With this arrangement, in order to accommodate differing number of storage locations in each segment, the link location of each segment may further contain an indicator of the number of data-item storage locations in the next queue segment, this indicator being extracted from the link location and inserted into the third register by the first update means contemporaneously with the latter extracting the pointer from the same link location and inserting it in the first register.
As an alternative to maintaining a count indicative of the number of data-item storage locations remaining to be accessed in the current segment, it is possible to use flags stored in each segment location to distinguish the link location from the data-item storage locations. In this case, the first update means of an entity is arranged to extract the pointer from the link location when the latter is encountered and, after all the storage locations in the segment have been accessed, to insert this pointer into the first register. The link location need not be the last location in each segment though this is preferred. The use of flags is more appropriate for the consumer entity as this entity must in any case read the segment locations whereas use of flags by the producer entity requires the latter to read from as well as write to the segment locations.
A data handling system embodying the invention will now be described, by way of non-limiting example, with reference to the accompanying diagrammatic drawings, in which:
FIG. 1 is a diagram of a circular queue for passing data items between a producer entity and a consumer entity, the circular queue being formed in a continuous block of memory;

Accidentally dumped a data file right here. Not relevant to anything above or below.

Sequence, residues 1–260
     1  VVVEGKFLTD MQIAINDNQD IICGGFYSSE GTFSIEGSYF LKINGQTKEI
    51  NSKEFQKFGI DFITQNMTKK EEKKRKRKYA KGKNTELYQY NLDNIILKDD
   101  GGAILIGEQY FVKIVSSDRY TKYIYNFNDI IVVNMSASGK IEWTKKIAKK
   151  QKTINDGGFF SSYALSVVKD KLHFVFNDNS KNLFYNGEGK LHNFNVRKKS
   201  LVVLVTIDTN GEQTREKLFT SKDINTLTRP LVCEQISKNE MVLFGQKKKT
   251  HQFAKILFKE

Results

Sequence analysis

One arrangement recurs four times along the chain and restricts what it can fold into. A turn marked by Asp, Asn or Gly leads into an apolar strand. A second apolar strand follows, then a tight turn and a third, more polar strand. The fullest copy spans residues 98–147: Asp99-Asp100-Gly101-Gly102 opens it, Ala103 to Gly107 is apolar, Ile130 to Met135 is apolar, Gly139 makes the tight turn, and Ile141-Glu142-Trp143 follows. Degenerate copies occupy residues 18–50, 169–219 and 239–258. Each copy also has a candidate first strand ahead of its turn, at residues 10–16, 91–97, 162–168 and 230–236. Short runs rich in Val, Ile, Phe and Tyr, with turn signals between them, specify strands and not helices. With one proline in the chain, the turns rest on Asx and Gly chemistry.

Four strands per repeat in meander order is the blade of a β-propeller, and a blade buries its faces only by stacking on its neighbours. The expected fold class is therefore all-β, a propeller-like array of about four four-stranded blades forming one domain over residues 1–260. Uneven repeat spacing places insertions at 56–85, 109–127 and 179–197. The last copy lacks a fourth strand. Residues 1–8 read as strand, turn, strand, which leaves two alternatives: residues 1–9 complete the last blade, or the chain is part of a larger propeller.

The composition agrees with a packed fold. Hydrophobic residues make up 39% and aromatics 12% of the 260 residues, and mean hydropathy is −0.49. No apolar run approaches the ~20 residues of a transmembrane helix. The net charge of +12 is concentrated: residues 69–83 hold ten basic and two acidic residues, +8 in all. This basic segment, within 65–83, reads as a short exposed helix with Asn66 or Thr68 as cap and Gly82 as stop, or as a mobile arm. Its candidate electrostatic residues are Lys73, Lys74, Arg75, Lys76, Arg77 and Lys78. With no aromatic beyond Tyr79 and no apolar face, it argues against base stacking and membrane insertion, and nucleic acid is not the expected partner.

FIG. 2 is a diagram similar to FIG. 1 but with the circular queue formed across pages of a paged memory;
FIG. 3 is a diagram similar to FIG. 2 but additionally illustrating a notional queue maintained by the producer and consumer entities to facilitate the generation of queue status information in accordance with the present invention;
FIG. 4 is a diagram illustrating the relative positioning of producer and consumer indexes when the notional queue shown in FIG. 3 is considered empty;
FIG. 5 is a diagram illustrating the relative positioning of producer and consumer indexes when the notional queue shown in FIG. 3 is considered full,
FIG. 6 is a diagram illustrating the relative positioning of producer and consumer indexes when the notional queue shown in FIG. 3 is in a partially full state;
FIG. 7 is a flow chart illustrating operation of the FIG. 3 producer entity;
FIG. 8 is a flow chart illustrating operation of the FIG. 3 consumer entity; and
FIG. 9 is a block diagram of a hardware implementation of the FIG. 3 consumer entity.